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Janet Echelman is an artist who defies categorization. Her work intersects across the boundaries of Sculpture, Architecture, Urban Design and Planning, Material Science, Structural and Aeronautical Engineering, and Computer Science. She creates experiential sculpture at the scale of buildings that transform with wind and light. The art shifts from being an object to look at, to a living environment you can get lost in. Using unlikely materials from fishnet to atomized water particles, Echelman combines ancient craft with computational design software to create artworks that have become focal points for urban life on four continents.
Recipient of the Guggenheim, Aspen Institute Crown Fellowship, Harvard University Loeb Fellowship and Fulbright Lectureship, Echelman received the Smithsonian American Ingenuity Award in VisualArt, and was named Architectural Digest Innovator for “changing the very essence of urban spaces”. Her TED talk “Taking Imagination Seriously” has been translated into 34 languages with well over a million views. On Oprah’s list of “50 Things that Make You Say Wow!” Echelman’s art ranked #1.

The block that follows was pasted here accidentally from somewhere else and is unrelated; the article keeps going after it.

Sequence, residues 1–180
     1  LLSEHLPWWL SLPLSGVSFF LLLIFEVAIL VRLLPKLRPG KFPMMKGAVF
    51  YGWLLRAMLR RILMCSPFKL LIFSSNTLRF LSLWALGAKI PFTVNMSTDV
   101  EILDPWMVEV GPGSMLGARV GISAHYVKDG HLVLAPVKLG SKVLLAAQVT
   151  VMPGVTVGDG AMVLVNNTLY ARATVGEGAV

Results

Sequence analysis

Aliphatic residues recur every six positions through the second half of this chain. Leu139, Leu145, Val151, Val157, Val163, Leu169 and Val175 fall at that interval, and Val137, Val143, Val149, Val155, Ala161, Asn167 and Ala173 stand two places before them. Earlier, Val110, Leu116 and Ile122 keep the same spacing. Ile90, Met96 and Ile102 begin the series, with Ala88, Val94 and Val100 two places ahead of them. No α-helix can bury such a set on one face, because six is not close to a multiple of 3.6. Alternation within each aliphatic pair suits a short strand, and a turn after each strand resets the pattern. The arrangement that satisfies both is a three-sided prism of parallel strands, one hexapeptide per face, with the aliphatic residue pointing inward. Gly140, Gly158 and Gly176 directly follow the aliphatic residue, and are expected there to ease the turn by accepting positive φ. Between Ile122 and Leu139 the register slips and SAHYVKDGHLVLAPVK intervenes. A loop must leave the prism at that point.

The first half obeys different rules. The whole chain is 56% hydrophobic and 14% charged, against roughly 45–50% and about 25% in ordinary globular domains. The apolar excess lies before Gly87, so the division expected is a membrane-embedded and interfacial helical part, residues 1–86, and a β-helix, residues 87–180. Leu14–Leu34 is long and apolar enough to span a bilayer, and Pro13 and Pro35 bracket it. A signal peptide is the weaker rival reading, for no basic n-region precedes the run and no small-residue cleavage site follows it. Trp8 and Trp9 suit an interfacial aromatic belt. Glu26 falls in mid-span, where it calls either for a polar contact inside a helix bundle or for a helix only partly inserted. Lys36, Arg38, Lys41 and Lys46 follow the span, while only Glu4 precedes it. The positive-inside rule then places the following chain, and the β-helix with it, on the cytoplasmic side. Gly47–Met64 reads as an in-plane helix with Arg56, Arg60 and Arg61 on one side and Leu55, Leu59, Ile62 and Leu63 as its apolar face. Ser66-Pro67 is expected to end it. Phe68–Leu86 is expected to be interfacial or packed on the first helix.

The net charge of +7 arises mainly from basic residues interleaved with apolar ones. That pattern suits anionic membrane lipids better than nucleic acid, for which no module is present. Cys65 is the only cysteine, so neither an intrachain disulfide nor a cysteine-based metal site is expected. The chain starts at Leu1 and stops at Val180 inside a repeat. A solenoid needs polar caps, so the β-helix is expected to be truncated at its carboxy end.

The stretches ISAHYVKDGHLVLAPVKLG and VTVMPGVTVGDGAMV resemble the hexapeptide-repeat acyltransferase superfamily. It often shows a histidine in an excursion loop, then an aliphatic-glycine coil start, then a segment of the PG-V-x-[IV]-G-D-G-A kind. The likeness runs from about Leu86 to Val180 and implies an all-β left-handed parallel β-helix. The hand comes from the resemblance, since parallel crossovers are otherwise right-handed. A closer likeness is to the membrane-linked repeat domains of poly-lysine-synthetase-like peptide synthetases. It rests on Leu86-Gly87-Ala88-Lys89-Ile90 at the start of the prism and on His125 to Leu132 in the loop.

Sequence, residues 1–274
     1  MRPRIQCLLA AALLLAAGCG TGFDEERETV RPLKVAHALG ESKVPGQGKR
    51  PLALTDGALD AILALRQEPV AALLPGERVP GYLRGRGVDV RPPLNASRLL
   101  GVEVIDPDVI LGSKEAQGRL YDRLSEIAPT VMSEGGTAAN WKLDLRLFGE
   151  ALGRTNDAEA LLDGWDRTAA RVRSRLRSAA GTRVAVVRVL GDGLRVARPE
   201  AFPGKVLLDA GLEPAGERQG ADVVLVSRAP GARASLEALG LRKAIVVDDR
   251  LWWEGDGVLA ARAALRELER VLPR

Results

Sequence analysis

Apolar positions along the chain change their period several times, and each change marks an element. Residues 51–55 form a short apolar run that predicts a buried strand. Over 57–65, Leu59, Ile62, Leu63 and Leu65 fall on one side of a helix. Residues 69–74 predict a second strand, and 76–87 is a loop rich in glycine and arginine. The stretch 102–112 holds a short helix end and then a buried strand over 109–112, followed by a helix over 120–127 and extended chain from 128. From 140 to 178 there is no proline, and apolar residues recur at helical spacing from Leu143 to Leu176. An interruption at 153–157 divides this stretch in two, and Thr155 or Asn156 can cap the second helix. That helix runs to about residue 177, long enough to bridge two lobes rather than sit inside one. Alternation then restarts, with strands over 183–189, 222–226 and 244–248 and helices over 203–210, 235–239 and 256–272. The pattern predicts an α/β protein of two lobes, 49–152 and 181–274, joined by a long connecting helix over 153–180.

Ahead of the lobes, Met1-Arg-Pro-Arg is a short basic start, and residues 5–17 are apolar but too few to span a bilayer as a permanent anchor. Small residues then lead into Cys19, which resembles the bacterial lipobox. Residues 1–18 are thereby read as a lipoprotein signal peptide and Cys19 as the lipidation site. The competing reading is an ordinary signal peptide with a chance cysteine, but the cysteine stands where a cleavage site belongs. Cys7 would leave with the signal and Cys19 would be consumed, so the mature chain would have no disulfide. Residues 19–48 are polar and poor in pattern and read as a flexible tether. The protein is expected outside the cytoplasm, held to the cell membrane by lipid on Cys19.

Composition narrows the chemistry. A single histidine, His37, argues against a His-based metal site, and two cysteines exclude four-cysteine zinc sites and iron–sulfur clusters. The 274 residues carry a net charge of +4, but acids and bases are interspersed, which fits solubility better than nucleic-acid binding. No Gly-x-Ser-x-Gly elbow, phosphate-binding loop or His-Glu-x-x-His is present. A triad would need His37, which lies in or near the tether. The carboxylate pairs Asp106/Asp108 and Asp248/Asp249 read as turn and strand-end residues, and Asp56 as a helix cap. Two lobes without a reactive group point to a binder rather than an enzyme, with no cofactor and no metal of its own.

Recent permanent commissions works include: 1.8 Renwick at the Smithsonian American Art Museum; Impatient Optimist, a new ionic piece for the Bill & Melinda Gates Foundation campus in Seattle giving visual from to their mission; Water Sky Garden, a legacy project of the 2010 Vancouver Winter Olympics; Her Secret is Patience for downtown Phoenix; and Every Beating Second for San Francisco International Airport.
Echelman’s educational path has been nonlinear. After graduating from Harvard College, she lived in a Balinese village for 5 years, then completed separate graduate programs in Painting and in Psychology. This year she received an honorary Doctorate of Fine Arts from Tufts University.
[…] dynamism of Janet Echelman’s suspended, porous urban sculptures parallels the evolution of her unpredictable career. In her […]
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